• Understanding Hector: The dynamics of island thunderstorms (Crook)

      Upon recognizing that a majority of Hector events are not due to convergence of the two sea breezes, Crook proposes that perhaps a peninsula will produce the same results as an island. For the linear case, rainwater decreases by a factor of approximately two when a peninsula is used. For the nonlinear case, very little convection occurs over the peninsula (which has the northern Tiwi Islands coastline). From this he concludes that although sea breeze convergence is not the primary mechanism, interaction between the sea breezes and cold pools is enhanced by the proximity of the two coastlines and thus that an isolated heat source is a necessary condition for the Hector convective system.

    • Boundary layer development over a tropical island during the Maritime Continent Thunderstorm Experiment (Schafer, et al.)

      As mentioned previously, the first two papers are similar in that they strive to classify the Hector thunderstorm event. This paper practically ignores the thunderstorm events while it focuses on the development of the boundary layer throughout the diurnal cycle. Because of this, it was the only study to investigate the overnight environment and to describe what happens to reset it such that development can occur again the next day.  After sunset, a surface-based temperature inversion forms. A remnant mixed layer persists over the surface inversion until it is replaced by advection of an oceanic mixed layer over the island. Without this oceanic mixed layer, convection for the following day would be suppressed.


The three articles discussed took very different approaches to the same phenomenon. Beringer, et al. used available data (satellite images and airport soundings) to study the different wind regimes and development modes of Hector thunderstorms over the Tiwi Islands. From the reader’s standpoint, this was the best paper by far since it emphasized the importance of understanding Hector to making more accurate global predictions.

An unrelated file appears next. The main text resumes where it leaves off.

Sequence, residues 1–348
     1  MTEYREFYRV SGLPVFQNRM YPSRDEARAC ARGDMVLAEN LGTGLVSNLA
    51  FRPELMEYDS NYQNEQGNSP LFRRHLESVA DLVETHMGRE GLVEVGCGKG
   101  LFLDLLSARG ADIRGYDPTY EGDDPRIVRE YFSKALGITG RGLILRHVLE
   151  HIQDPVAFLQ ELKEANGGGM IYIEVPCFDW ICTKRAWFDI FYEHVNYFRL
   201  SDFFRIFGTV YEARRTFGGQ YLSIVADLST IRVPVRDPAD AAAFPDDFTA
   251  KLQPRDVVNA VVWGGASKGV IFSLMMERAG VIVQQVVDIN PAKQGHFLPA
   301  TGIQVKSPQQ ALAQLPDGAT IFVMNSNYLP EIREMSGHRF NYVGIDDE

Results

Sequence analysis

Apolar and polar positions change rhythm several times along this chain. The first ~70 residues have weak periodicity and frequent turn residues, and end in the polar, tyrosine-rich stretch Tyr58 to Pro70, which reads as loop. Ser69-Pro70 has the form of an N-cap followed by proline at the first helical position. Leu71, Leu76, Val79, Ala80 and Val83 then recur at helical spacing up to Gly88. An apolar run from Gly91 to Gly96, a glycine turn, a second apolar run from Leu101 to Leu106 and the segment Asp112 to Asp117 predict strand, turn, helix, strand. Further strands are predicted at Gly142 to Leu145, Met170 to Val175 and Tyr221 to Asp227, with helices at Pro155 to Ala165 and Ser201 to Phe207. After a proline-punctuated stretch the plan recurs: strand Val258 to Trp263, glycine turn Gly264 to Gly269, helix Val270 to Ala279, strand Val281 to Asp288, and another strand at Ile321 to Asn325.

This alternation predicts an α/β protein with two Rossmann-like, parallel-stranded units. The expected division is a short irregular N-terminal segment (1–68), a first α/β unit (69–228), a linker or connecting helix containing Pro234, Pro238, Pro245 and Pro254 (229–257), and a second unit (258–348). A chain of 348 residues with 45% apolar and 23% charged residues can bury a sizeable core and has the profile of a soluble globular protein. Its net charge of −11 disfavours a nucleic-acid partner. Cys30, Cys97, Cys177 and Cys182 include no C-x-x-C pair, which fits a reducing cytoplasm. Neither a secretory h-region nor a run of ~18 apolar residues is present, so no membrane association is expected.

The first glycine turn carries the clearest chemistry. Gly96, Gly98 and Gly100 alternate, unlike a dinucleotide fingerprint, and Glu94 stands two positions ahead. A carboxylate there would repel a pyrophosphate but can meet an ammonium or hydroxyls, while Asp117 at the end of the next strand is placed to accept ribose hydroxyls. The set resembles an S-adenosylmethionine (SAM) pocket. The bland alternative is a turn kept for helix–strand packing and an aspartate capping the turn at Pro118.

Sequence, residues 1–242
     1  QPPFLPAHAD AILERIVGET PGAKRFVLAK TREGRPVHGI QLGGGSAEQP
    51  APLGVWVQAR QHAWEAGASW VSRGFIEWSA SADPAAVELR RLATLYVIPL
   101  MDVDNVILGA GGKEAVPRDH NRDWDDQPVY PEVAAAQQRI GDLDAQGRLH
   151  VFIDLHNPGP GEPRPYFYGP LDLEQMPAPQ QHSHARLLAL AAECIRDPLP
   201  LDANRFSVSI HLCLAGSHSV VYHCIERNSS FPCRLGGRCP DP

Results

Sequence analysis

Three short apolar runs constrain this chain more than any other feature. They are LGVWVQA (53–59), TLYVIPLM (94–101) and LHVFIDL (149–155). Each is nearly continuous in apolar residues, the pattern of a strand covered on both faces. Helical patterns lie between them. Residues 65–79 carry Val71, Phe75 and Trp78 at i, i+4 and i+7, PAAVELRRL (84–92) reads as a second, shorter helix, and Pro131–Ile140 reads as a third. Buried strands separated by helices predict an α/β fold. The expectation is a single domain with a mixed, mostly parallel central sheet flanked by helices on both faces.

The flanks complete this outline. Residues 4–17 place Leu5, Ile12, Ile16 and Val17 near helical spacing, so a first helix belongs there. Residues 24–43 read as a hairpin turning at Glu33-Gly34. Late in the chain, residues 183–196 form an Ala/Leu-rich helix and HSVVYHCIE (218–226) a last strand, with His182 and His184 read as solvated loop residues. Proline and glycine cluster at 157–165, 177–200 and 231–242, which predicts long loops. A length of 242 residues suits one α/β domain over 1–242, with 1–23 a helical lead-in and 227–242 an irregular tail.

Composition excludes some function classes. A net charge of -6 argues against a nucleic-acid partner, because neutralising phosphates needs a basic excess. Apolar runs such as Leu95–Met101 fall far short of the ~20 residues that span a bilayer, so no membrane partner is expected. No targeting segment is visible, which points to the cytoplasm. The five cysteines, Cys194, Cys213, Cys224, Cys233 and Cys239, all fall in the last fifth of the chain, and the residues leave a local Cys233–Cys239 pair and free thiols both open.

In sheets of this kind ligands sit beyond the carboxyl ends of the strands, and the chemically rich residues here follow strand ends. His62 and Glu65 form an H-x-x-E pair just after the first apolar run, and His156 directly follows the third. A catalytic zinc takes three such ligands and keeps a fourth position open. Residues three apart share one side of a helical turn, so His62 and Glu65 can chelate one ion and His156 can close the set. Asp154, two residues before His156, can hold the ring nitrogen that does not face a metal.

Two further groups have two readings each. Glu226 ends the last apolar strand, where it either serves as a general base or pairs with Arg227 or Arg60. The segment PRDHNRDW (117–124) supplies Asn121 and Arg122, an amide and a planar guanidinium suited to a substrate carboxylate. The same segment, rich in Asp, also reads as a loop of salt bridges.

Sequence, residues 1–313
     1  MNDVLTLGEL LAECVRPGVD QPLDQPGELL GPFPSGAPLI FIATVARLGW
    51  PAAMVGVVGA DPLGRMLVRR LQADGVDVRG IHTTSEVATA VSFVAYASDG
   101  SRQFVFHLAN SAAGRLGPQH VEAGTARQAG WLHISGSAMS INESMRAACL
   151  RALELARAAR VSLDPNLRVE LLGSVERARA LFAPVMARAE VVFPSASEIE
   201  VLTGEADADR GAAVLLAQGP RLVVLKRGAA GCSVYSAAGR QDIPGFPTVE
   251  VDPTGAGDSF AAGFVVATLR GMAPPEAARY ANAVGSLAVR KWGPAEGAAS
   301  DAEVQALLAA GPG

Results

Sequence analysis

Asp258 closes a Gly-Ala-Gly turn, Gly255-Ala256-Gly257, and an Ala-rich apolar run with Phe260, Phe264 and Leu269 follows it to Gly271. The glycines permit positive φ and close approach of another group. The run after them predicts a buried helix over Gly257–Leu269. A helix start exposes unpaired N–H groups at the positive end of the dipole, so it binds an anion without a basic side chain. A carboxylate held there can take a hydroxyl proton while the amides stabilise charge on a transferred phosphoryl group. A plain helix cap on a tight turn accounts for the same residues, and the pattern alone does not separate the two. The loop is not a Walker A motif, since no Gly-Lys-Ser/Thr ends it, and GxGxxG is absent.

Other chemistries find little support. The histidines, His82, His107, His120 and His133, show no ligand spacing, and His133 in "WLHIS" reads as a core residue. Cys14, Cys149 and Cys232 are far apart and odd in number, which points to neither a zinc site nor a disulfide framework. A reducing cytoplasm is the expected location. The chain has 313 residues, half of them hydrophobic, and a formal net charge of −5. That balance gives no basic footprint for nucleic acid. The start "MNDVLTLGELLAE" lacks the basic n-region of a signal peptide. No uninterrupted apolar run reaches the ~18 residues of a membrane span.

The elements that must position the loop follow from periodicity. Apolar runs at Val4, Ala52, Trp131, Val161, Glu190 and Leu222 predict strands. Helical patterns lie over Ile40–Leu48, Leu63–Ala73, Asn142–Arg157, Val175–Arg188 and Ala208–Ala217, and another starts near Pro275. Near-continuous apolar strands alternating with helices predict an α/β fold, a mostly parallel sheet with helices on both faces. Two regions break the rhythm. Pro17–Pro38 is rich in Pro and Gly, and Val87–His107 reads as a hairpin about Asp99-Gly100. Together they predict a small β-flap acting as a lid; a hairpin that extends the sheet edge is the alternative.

Crook approached the problem dynamically by applying linear and nonlinear models. In this manner, he was able to limit variability to one parameter at a time in order to investigate its effect on convection. Although conclusions about the different modes of Hector did not agree exactly with Beringer, et al., the importance of low-level moisture content was demonstrated. One of the main shortcomings of this study was the failure to investigate the easterly wind regime.

The most expensive of the three studies was certainly Schafer, et al. since it relied almost solely on data collected in situ with multiple sensors (rather than taking advantage of previously collected data sets). This paper was also the most difficult to compare and contrast with the other two since it focused on boundary layer development rather than the thunderstorms themselves. An important conclusion was the resetting of the mixed layer by oceanic air.


Beringer, J., N. J. Tapper, and T. D. Keenan, 2001: Evolution of maritime continent thunderstorms under varying meteorological conditions over the Tiwi Islands. Int. J. Climatol., 21, 1021-1036.

Crook, N. A., 2001: Understanding Hector: The dynamics of island thunderstorms. Mon. Wea. Rev., 129, 1550-1563.

Schafer, R., P. T. May, T. D. Keenan, K. McGuffie, W. L. Ecklund, P. E. Johnston, and K. S. Gage, 2001: Boundary layer development over a tropical island during the Maritime Continent Thunderstorm Experiment. J. Atmos. Sci., 58, 2163-2179.